Importantly, indigenous perspectives are represented. Personal communications with kaumātua who have now passed away, such as Te Rū Wharehoka, Te Miringa Hōhaia, Wikitoria Keenan, Joe Ritai Chalmers, Lou McDonald, Reuben Ashford, and generous quotations from treasured karakia, waiata, tangi, go a long way to representing the enduring views of Māori. The Māori oral informants help to provide the text with its collectivity, its holistic approach to the issues facing officials as well as the women and men of Parihaka. In regard to the representation of women’s perspectives, this is partly achieved through the whakapapa of kōrero presented, and the author’s informants. In this well-woven approach to narrative, it is at times difficult to discern women’s perspectives on some of the major events surrounding the 1881 invasion, and perhaps a clearer approach could have been taken in this regard. The mistreatment of women by the armed constabulary after the 1881 invasion is addressed briefly in one paragraph, for instance. Other historical accounts are admittedly wanting in that regard, too.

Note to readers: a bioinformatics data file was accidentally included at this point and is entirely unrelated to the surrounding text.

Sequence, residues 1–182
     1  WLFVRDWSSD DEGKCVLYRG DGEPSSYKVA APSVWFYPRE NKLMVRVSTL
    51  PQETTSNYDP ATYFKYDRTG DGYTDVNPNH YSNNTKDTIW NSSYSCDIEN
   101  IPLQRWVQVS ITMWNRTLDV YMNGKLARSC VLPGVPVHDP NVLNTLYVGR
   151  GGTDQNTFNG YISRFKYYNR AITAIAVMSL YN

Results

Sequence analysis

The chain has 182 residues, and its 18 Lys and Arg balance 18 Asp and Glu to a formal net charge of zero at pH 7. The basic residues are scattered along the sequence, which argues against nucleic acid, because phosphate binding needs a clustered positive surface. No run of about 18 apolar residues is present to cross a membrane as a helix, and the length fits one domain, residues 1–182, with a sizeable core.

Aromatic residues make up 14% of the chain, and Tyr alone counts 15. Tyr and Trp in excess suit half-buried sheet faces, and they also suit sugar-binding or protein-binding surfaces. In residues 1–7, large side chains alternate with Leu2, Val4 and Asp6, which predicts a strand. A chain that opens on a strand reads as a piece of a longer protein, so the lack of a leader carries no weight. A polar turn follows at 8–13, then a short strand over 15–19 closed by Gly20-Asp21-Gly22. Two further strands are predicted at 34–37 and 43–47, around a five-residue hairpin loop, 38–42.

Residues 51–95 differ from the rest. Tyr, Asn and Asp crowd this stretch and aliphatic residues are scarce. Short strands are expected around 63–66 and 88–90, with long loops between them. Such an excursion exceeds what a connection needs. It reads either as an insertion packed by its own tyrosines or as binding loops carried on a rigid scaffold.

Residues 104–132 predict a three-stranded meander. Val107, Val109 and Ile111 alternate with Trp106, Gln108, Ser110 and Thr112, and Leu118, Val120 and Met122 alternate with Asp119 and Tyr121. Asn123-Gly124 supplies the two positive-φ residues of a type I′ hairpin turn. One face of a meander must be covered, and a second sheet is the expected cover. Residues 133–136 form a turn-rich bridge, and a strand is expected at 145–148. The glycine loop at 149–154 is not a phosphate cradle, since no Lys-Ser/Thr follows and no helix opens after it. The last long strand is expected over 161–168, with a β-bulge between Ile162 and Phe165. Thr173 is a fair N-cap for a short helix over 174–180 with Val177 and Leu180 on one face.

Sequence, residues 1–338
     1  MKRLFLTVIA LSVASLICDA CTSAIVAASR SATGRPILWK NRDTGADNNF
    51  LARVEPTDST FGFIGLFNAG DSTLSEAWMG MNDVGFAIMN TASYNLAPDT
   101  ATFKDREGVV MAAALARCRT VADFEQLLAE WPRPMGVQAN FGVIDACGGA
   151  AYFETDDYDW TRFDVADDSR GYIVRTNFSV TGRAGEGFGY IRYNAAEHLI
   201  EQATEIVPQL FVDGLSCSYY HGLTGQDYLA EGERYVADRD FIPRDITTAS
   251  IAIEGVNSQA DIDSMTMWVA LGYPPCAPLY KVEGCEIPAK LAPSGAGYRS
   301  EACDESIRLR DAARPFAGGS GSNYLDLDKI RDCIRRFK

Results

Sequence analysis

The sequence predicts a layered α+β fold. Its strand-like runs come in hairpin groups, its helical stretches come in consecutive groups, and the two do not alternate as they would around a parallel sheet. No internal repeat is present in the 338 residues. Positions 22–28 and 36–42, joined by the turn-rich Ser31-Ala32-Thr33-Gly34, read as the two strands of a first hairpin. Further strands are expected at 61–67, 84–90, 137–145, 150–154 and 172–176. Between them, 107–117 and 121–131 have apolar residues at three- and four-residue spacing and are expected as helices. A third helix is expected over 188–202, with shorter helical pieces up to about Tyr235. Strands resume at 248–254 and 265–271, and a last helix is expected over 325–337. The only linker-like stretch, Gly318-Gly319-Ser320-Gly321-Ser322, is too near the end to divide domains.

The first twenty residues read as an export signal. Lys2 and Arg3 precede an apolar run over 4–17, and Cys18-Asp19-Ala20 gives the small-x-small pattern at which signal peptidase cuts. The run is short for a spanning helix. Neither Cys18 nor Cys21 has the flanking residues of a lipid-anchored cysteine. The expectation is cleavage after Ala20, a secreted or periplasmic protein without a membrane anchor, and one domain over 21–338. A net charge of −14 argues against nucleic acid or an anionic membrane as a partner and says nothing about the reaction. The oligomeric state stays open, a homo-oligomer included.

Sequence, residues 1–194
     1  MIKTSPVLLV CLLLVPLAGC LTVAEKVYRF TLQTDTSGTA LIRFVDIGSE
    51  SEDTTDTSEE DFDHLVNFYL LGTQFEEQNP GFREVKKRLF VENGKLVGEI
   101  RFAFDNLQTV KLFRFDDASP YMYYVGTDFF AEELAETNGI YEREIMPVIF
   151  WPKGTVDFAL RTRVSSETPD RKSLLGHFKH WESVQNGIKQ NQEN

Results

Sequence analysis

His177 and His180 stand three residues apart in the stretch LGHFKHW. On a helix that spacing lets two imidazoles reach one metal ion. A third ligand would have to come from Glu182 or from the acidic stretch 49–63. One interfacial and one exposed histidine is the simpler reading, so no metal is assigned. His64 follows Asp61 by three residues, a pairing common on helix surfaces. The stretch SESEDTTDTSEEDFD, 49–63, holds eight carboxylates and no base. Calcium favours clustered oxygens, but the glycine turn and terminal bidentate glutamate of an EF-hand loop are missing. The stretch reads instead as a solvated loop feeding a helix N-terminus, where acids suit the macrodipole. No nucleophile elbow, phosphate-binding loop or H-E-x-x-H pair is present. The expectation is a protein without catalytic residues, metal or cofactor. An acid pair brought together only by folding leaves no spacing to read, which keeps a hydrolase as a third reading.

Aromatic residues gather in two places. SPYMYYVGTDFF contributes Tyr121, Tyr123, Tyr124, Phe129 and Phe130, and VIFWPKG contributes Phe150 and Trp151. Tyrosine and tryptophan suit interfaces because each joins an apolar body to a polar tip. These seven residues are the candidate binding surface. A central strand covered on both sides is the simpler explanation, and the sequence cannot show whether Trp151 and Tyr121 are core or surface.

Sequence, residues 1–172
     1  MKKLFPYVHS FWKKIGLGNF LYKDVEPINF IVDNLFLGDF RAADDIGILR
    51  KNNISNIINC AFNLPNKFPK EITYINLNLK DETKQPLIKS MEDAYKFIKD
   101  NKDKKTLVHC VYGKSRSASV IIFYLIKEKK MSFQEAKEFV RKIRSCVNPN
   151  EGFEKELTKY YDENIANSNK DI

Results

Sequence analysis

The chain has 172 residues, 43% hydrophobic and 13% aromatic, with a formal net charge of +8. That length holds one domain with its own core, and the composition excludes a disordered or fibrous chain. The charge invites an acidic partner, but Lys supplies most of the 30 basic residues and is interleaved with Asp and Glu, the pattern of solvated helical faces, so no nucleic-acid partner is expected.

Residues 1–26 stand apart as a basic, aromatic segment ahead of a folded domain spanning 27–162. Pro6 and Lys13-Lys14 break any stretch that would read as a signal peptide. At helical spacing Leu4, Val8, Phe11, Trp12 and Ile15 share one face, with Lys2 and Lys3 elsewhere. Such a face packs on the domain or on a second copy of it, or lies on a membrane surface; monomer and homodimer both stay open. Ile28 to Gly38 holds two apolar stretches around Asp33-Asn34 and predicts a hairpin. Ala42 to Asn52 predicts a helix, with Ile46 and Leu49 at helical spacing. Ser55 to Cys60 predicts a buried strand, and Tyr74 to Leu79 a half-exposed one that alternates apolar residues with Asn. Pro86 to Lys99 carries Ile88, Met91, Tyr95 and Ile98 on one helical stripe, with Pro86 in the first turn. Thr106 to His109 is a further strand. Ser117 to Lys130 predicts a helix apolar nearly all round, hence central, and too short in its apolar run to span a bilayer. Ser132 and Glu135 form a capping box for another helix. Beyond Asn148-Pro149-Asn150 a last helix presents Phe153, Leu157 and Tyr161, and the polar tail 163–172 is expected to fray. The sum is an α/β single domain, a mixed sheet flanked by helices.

In terms of its contextual approach, this account is quite satisfying, with its coverage of earlier prophetic movements throughout Aotearoa, as well as its beginning in whakapapa, and then the history of the people of Taranaki through prominent ancestors and the unifying arrival of the waka Tokomaru from which Ngāti Tama, Ngāti Mutunga and Te Ātiawa descend. Intertribal wars with Waikato present a picture of turbulent unsettlement, with Te Ātiawa migrating south to Wellington in the early 1830s, and then returning to Waitara in a migration led by Wiremu Kingi in 1848 where they came under intense pressure by Pākehā to sell land over the next decade. Continuing a collective, communal theme in this narrative, Te Whiti had migrated south with Te Ātiawa, and then a decade later, in the early 1840s, migrated to Warea in central Taranaki not far from Parihaka. Te Whiti’s positive relationship with the German missionary J F Riemenschneider, who provided him with early spiritual counsel, lasted briefly, before they ended their friendship on the grounds that an independent Māori theology, symbolised by the Kingitanga movement, was opposed by Riemenschneider. Soon after, the Waitara war began and Warea was shelled by a British warship. Te Whiti moved inland to Parihaka. Although the government defeated Te Ātiawa, Governor Grey decided to return the Waitara Block to Māori in order to pacify the area. Nevertheless, events then rapidly unfolded, resulting in the Waikato wars, resulting in mass displacements and confiscations further north. In this climate of rising and falling tensions between colonists and Māori, the attractions of a peace movement are well-described by Keenan, and the long-lasting haven for Māori well-being centred at Parihaka is established. Far from being an individual biography of Te Whiti o Rongomai, this account by Keenan might best be described as a collective biography for its communal dispositions towards events and people.